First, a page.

4 V1 V2 V3 V4 56 µf B 56 µf D 100 k Ω 56 µf C A pos in + power supply switch neg in Figure 6.4: Schematic diagram of the Capacitor Circuit Box Connect the red lead of the voltage probe to the capacitor box terminal V1 and the black lead to capacitor box terminal V2. (Note: The banana plugs can be stacked on top of one another.) Click the Start button. Click the On button on the Signal Generator. Push and hold the toggle switch to the right. This will connect the voltage source to the circuit and charge the capacitor. Observe the voltage on the graph. The voltage should exponentially rise to about 4 volts and remain constant. When the voltage seems constant, stop data collection. Calculate RC from the values of the the resistor (100K Ω) and capacitor (56 µf). Product of R C Select the region representing the charging of the capacitor. Fit the data with an Inverse Exponent (A(1-exp(-C x)) + B) curve to fit the data. The coefficient of the exponent (C) is equal to 1. Calculate the percent difference between the two values RC for the time constant for the charging circuit. Save the graph with the fit for your lab report Fit parameter C Charge the circuit by holding the switch to the right for 20 seconds. Start collecting data and push the switch all the way to the left. Stop when the voltage returns to zero and is nearly flat. Fit the plot using a Natural Exponential Fit (A exp(c x) + B). The coefficient of the exponent (C) is equal to 1. Calculate the percentage difference between the fit and RC the calculated value of RC. 38

5 Fit parameter C Save the data as a.cap file and send the appropriately labeled file to your TA RC Time Constant with Two Capacitors in Parallel Connect another banana lead between the B connector and the C connector. This sets up the parallel capacitor circuit. The voltage probe leads should remain attached to the V1 and V2 positions. Calculate the total capacitance of the two parallel capacitors and the time constant, τ =RC. Compare the fit values for both charging and discharging time constants to the calculated values. Total capacitance of parallel capacitors Time constant (τ) for capacitors in parallel Repeat the procedure from the single capacitor. Fit the charging circuit with the Inverse Exponent fit and the discharging circuit with the Natural Exponential Fit. Charging: Discharging: RC Time Constant with Two Capacitors in Series Remove the banana wire between B and C. Connect between V2 and V3 with a banana wire. Move the banana wire connecting A and B to connect between A and D. This connects two capacitors in series. Finally, connect the voltage probe across V1 and V4 for this measurement. Calculate the total capacitance of the two series capacitors and the time constant, RC. Total capacitance of series capacitors Time constant (τ) for capacitors in series Repeat the procedure from the single capacitor fitting the charging circuit with the Inverse Exponent fit and the discharging circuit with the Natural Exponential Fit. 39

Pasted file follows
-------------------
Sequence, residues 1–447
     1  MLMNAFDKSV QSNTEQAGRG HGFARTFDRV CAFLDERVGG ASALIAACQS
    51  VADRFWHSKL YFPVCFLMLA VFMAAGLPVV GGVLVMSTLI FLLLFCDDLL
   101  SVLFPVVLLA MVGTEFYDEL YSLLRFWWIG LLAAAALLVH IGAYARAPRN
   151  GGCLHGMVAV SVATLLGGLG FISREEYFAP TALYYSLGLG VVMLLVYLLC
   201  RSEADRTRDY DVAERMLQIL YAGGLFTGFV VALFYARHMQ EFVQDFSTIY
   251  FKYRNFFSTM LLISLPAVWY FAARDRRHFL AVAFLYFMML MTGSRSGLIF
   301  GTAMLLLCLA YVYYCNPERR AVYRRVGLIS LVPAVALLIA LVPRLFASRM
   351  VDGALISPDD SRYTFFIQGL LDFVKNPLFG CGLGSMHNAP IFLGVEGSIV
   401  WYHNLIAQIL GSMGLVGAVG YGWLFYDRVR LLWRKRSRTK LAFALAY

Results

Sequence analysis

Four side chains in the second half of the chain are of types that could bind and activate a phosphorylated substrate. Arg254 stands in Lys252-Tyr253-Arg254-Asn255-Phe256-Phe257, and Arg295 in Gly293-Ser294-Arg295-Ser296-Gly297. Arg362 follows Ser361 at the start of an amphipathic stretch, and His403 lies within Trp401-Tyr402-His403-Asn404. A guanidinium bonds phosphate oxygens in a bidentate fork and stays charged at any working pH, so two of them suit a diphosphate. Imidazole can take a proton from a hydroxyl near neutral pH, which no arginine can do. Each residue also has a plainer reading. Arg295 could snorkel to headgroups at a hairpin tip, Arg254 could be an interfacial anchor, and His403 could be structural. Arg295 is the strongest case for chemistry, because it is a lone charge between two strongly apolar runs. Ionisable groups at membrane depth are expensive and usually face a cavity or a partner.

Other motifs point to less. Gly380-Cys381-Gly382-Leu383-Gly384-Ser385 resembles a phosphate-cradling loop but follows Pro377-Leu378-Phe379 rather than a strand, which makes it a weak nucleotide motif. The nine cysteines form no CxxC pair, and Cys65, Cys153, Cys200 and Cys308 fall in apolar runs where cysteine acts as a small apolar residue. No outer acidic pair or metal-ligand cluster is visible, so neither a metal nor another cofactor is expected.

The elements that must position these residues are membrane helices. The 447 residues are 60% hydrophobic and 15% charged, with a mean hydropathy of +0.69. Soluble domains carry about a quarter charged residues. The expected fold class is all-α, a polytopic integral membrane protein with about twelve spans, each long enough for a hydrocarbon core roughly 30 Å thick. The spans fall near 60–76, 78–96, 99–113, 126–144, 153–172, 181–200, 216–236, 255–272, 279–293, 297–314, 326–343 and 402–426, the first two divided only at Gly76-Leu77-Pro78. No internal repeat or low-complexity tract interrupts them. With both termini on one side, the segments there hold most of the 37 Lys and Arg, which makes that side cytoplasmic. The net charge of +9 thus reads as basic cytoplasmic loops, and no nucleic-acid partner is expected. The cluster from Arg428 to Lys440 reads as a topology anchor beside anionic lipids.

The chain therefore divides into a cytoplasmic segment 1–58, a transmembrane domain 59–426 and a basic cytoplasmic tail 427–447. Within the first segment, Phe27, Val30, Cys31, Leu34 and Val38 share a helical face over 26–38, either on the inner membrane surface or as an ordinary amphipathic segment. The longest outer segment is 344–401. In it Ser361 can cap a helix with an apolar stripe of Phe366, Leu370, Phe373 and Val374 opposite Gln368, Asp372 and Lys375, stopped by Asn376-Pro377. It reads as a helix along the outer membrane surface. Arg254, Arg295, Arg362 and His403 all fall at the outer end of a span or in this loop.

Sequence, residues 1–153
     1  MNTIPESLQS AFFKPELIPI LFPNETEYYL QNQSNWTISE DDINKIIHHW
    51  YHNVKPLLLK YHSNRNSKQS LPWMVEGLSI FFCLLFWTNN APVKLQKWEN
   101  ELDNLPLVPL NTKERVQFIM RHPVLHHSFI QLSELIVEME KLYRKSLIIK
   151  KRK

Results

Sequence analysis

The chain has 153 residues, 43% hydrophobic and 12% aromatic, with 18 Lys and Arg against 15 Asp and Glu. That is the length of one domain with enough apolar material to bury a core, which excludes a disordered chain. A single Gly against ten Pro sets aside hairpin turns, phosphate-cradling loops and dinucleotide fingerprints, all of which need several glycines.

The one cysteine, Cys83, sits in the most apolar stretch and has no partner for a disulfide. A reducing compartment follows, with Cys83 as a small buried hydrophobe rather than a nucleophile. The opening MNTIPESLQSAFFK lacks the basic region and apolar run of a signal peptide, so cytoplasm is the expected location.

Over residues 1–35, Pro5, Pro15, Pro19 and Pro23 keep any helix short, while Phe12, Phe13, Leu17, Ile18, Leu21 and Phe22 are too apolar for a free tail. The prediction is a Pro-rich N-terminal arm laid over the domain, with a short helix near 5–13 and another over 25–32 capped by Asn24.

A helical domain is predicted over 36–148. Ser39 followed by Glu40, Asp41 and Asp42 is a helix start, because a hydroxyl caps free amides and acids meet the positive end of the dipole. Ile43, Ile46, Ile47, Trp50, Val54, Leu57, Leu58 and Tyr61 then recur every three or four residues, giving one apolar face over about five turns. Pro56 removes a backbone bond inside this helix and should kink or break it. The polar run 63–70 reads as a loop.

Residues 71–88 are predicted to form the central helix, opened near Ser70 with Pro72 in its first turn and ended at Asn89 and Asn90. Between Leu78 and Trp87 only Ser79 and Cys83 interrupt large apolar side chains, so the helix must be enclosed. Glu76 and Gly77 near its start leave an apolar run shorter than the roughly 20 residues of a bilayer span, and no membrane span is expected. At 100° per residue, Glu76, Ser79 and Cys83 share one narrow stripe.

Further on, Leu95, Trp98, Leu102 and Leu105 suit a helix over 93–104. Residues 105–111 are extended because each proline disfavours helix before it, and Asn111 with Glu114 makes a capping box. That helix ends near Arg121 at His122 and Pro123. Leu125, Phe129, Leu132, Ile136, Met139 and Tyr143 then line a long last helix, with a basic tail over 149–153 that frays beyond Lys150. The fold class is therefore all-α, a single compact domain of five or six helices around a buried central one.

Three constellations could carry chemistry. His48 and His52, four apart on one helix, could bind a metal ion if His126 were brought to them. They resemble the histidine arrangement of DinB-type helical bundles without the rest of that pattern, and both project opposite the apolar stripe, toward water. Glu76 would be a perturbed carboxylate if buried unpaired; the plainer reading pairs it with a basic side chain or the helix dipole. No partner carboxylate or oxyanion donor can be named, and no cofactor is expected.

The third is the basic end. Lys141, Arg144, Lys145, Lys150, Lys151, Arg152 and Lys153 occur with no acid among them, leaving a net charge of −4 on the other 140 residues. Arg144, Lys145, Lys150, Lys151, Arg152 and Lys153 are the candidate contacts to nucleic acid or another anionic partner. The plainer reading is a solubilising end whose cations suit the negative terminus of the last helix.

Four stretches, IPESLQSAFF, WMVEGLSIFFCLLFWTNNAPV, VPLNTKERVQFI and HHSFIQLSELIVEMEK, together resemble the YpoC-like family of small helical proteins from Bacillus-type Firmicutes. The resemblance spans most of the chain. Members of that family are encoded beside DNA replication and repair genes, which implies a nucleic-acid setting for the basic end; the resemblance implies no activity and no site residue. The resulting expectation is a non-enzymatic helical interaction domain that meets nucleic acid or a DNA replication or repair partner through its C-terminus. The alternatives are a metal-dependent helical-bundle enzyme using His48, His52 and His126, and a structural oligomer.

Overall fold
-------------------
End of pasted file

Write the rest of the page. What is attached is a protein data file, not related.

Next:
6 Charging: Discharging: Questions 1. Using dimensional (unit) analysis derive the units of RC. 2. Using Kirchhoff s rules and the definition of capacitance, derive the formulas for total capacitance for series and parallel connections. 6.4 Conclusion Write a detailed conclusion about what you have learned. Include all relevant numbers you have measured with errors. Sources of error should also be included. 40